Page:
It is therefore a question of acknowledging this turning point and of seeing that it is directed to the advantage of the common good. Globalization will have many positive effects if it can be sustained by a strong sense of the absoluteness and dignity of all human persons and of the principle that earthly goods are meant for everyone. There is room in this direction to operate in a fair and constructive way, even within a sector that is much subject to speculation. For this it is not enough to respect local laws or national regulations; what is necessary is a sense of global justice, equal to the responsibilities that are at stake, while acknowledging the structural interdependence of the relations between human beings over and above national boundaries.
Meanwhile, it is very opportune to support and encourage those projects of "ethical finance", microcredit and "fair and equitable trade" which are within everyone's reach and possess a positive and even pedagogical value for global co-responsibility.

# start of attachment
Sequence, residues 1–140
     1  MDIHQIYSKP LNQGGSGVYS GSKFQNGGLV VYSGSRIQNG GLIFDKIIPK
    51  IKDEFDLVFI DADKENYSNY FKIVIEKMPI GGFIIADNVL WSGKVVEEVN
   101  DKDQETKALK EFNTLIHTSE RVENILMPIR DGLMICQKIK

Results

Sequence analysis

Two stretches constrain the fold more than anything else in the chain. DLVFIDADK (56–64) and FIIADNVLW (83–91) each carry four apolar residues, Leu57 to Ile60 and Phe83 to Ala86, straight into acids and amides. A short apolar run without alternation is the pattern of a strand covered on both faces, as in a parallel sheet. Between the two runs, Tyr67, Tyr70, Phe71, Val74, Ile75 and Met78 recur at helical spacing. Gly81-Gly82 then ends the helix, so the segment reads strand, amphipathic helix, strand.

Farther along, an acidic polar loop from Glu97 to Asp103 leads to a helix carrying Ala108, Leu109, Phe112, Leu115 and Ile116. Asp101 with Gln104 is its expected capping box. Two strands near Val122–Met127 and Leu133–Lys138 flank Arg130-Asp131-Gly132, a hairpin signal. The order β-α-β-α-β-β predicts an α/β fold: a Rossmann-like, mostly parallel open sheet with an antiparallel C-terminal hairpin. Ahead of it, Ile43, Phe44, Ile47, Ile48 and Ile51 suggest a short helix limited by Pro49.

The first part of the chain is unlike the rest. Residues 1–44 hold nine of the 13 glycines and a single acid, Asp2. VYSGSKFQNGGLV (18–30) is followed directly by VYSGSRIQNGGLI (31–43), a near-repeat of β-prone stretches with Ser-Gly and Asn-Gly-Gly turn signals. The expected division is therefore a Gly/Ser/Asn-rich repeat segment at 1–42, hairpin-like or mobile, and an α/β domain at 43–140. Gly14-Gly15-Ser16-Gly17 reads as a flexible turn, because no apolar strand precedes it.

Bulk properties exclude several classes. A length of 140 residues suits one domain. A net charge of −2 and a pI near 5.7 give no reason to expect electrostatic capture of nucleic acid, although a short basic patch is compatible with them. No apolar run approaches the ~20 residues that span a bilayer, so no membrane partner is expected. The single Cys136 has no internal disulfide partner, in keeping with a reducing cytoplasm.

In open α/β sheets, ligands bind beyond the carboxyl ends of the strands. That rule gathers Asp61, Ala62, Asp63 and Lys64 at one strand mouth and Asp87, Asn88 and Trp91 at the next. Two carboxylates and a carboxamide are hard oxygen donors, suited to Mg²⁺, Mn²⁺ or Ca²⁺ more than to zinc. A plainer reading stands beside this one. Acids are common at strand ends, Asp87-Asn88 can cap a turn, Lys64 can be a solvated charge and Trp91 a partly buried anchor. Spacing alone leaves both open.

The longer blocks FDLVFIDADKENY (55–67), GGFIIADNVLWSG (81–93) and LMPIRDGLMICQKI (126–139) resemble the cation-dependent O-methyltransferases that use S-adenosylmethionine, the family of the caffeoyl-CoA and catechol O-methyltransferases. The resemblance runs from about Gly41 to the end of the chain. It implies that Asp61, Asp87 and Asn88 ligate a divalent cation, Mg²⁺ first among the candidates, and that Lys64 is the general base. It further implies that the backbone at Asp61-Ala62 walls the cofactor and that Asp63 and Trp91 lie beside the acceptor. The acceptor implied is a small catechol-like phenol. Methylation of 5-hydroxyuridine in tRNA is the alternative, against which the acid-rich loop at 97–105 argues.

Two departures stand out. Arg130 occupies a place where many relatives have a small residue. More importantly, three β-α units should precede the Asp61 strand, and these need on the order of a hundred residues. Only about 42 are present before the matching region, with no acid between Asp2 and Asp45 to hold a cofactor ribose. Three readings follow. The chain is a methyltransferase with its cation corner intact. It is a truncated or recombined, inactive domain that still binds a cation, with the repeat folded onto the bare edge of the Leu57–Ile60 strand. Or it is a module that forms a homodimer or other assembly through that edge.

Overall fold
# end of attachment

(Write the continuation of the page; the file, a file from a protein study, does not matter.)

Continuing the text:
5. We are at the close of a century that has undergone rapid and fundamental changes in this field as well. The imminent celebration of the Great Jubilee of the Year 2000 is a particular opportunity to reflect extensively on this problem. I am therefore grateful to your "Centesimus Annus" Foundation, which wished to organize its work in the light of the great Jubilee event, while taking into account the perspective that I indicated in the Apostolic Letter Tertio millennio adveniente, where I wrote that "a commitment to justice and peace in a world like ours, marked by so many conflicts and intolerable social and economic inequalities, is a necessary condition for the preparation and celebration of the Jubilee" (n. 51).
You have understood, dear friends, that the Jubilee year
invites you to make your specific, professional contribution, so that the word
of Christ, who came to evangelize the poor (cf. Lk 4: 18), will
find a ready response. I cordially encourage you in this initiative, with the
wish that, as a result of the Jubilee, there may be "a new culture of
international solidarity and cooperation, where all - particularly the wealthy
nations and the private sector - accept responsibility for an economic model
which serves everyone" (Bull of Indiction Incarnationis mysterium, n.
May you also be accompanied and sustained by my Blessing, which I willingly impart to you and to all your loved ones.